Real estate survey 2014: Results index

Real estate India-R-envelope


Results




Real estate survey results by country 

Methodology
Real estate survey 2014


 

Related coverage

Global

New era of financing emerges from the ashes
Liquidity is up and leverage is down. Alternative lenders are stepping in where banks can no longer tread. While the period of re-regulation may not yet be over, real estate finance is starting to look in rude health once again.

Direct lenders target funding vacuum left by universal bank
Direct lending for commercial property deals is a niche, but expanding, segment of the alternative financing universe that is plugging the funding void left by a diminished bank lending sector, where deleveraging is far from complete.

Pfandbriefe looks for new lease of life from savings banks
The increasing role of Sparkassen – Germany’s ubiquitous savings banks – in real estate lending could boost Pfandbrief issuance, which has been steadily declining despite mortgage volumes surging to a 16-year high, analysts say.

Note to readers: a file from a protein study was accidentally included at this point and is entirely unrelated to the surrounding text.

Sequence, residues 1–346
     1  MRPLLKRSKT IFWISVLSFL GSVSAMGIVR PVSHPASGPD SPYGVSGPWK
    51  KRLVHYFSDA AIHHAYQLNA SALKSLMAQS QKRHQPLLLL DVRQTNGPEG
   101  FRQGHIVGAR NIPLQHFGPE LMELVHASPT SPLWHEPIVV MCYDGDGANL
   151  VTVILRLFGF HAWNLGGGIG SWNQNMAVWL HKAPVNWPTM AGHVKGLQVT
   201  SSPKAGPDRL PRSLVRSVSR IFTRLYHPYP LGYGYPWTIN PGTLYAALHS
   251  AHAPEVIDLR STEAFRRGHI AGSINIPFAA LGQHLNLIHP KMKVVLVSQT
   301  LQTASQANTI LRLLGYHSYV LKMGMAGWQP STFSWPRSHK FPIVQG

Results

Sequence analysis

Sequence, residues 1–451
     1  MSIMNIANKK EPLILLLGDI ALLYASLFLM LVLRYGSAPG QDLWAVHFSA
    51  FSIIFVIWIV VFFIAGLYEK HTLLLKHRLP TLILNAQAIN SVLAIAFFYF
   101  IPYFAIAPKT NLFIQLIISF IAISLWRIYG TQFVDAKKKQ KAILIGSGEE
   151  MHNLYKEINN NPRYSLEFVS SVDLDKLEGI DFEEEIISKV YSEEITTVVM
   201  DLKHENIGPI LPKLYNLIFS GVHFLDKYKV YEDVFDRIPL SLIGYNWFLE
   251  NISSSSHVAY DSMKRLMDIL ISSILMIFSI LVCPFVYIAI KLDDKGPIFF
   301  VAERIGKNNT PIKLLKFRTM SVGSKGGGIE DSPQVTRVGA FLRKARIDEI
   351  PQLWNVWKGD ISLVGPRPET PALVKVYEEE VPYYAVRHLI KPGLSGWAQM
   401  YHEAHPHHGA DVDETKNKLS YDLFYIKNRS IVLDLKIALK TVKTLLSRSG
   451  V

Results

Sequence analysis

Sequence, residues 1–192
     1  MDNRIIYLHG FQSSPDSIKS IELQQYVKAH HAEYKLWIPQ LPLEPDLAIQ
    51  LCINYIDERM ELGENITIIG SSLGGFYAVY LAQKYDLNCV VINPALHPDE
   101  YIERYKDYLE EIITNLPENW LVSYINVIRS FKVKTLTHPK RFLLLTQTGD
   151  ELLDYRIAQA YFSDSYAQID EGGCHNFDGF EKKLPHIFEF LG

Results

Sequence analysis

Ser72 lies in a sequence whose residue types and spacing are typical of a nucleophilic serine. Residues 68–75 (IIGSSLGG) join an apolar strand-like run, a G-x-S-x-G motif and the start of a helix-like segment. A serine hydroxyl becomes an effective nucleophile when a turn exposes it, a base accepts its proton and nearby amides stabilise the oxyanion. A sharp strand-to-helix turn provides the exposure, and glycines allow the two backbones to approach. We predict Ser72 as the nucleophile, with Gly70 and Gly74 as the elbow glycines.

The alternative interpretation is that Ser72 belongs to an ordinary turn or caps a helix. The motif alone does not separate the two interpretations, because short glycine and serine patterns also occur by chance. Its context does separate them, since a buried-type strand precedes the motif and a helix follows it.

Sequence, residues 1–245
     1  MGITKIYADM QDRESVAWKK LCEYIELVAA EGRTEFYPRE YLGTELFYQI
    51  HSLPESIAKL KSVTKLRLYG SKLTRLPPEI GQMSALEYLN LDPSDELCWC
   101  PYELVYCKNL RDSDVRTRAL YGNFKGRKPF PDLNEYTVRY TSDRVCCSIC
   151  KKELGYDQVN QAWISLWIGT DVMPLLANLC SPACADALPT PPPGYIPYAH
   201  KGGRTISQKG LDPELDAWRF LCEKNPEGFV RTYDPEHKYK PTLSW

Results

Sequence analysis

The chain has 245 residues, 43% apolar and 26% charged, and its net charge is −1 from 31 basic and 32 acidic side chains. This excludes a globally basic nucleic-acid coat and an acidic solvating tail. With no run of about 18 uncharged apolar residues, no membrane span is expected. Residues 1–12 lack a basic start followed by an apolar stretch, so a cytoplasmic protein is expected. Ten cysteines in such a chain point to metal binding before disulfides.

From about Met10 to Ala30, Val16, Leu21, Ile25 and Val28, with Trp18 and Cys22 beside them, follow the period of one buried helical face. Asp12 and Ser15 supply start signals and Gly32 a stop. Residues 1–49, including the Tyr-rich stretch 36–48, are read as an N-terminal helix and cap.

Regional

Africa – Consumers drive boom in sub-Saharan Africa
Retail space developments, rather than housing, offer the best opportunities in the region.

Asia – China takes back seat in Asian real estate
The weakness of the Chinese market has prompted the Asian real estate industry to look elsewhere for returns in 2014.

CEE – Beyond Poland and Prague
In the real-estate markets of Central and Eastern Europe (CEE), the effects of the financial crisis have been unusually protracted.

Latin America – Beware LatAm's local potholes
Real estate in Latin America offers big investment opportunities, but the national landscapes vary widely and local expertise is vital for foreign investors when they explore the sector.

Middle East – Dubai leads the way back to the good times
The good times are back in Gulf real estate – to an almost worrying degree. The days when people were abandoning apartments and heading for Dubai airport as they plunged into unserviceable debt seem a long time ago now, as attention has turned instead to more familiar territory: working out how to calm down a vibrant market.